Thanksgiving Safety Tips
It’s that turkey time of year! We want to remember to keep our pets safe during this holiday season. Not everything that we indulge in can be enjoyed by our pets. Here are a few tips to keep your pets safe this Thanksgiving season!
If you decide to feed your pet a TINY piece of turkey, make sure it’s boneless and well-cooked. Don't offer her raw or undercooked turkey, which may contain salmonella bacteria.
Sage can make your Thanksgiving stuffing taste great. This and other herbs contain essential oils and resins that can cause gastrointestinal upset and central nervous system depression to pets if eaten in large quantities. Cats are especially sensitive to these types of ingredients. FIX
No Bread Dough
Unbaked bread dough expands in the warm, moist environment of the stomach and can result in a bloated stomach (called “bloat”); this can then progress to a gastric-dilatation volvulus (GDV), which is a twisted stomach. All of which are life-threatening emergencies.
Cut the fat!
A few small boneless pieces of cooked turkey, a taste of mashed potato or even a lick of pumpkin pie can be harmful to your pet… Don’t allow your pets to overindulge, as they could wind up with a case of stomach upset, diarrhea or even worse—an inflammatory condition of the pancreas known as pancreatitis. In fact, it’s best keep pets on their regular diets during the holidays. FIX
Signs of pancreatitis include:
- Abdominal Pain
Don’t get stuffed on stuffing!
Stuffing may contain onions, garlic, or raisins—all toxic to dogs, so resist the urge to feed your dog human food. Onions and garlic are toxic to both dogs and cats (garlic is thought to be 5x’s more toxic). If ingested will destroy your pets red blood cells and cause them to be anemic. Can also cause gastrointestinal upset.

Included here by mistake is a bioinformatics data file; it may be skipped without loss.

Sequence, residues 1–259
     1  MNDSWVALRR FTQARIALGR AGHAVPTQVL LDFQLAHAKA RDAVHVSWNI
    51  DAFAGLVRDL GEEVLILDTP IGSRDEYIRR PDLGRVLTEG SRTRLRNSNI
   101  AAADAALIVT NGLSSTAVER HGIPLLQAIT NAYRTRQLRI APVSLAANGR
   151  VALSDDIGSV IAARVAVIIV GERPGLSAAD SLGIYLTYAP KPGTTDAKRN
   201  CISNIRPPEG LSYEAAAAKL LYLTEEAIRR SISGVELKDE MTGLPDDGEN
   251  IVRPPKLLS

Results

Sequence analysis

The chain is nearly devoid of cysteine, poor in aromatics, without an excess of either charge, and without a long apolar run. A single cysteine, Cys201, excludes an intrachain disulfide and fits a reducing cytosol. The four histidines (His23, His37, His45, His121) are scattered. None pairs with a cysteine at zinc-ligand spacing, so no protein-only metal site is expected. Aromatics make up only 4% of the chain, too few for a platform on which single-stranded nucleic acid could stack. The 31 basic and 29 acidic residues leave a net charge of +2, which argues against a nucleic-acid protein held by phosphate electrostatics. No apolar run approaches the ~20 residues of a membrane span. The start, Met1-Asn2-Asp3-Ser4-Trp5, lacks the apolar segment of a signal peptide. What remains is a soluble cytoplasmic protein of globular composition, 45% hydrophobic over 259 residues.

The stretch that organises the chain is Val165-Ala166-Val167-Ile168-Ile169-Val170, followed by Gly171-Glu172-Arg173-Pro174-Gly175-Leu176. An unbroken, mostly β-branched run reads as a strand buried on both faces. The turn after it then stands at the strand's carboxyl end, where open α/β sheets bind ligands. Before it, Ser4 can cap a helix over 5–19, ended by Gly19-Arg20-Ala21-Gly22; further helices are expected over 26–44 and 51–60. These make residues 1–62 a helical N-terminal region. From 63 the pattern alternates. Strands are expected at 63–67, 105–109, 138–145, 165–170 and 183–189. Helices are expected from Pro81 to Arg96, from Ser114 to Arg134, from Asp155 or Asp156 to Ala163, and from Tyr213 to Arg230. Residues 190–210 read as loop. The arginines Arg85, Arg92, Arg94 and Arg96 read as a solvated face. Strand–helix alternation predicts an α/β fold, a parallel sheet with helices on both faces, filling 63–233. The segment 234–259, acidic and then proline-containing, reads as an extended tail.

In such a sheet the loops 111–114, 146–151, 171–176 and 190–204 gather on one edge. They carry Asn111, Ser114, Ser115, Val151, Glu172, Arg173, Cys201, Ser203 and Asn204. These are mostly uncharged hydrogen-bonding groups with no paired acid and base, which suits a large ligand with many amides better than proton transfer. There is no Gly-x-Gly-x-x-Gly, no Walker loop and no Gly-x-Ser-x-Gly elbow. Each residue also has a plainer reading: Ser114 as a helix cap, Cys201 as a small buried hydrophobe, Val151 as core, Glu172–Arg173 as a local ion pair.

Grapes and raisins are a unique toxicity. Ingestion of both these lead to acute kidney failure in your dog. There is no true toxic dose for dogs, some dogs are sensitive to this toxicity and some are not. Therefore, if your pet has been exposed we treat all cases as potentially life threatening. The toxic component in grapes and raisins is still unknown to this day. FIX
Bones are bad
Although bones from our holiday turkey’s look good to pets, they are dangerous and can cause intestinal upset and may even splinter once digested. These splinters can cause damage to the intestines that can lead to infection, intestinal blockage, or even the death of the dog or cat if not treated appropriately.
Watch the garbage
Make sure you dispose of any turkey or other food packaging quickly and appropriately.
All strings, plastic holders and bags that have a meat smell to them can be very attractive to a pet. Once ingested, these items can cause damage or blockage of the intestines.
Chocolate is particularly toxic
Be careful of all the cookie and desserts offered during the holidays, many of which contain chocolate. The toxic component of chocolate is called theobromine. Dark chocolate is the most toxic, followed by baker’s chocolate, milk chocolate, then white chocolate. Ingestion can cause hyperactivity, elevated heart rate, and seizures in your dog and cat. FIX
While the humans are chowing down, give your cat and dog their own little feast. Offer them a special treat such as Virbac Veggie Dents or HexTra Chews. They’ll be happily occupied for awhile. This will also help pets that are overwhelmed by guests.
If you want to let them celebrate the holidays, offer them some safe vegetables such as carrots or green beans. Those are the safe holiday treats.
Keep an eye on pets!
Family and friends are in and out the door during the holiday, make sure your pets have proper identification on their collars or are microchipped. If they escape, you want them to get properly returned to you.
Remind your guest to no offer table scraps to your dog or cat.
On the morning of the holiday, exercise the dog to try to wear it out before guests arrive.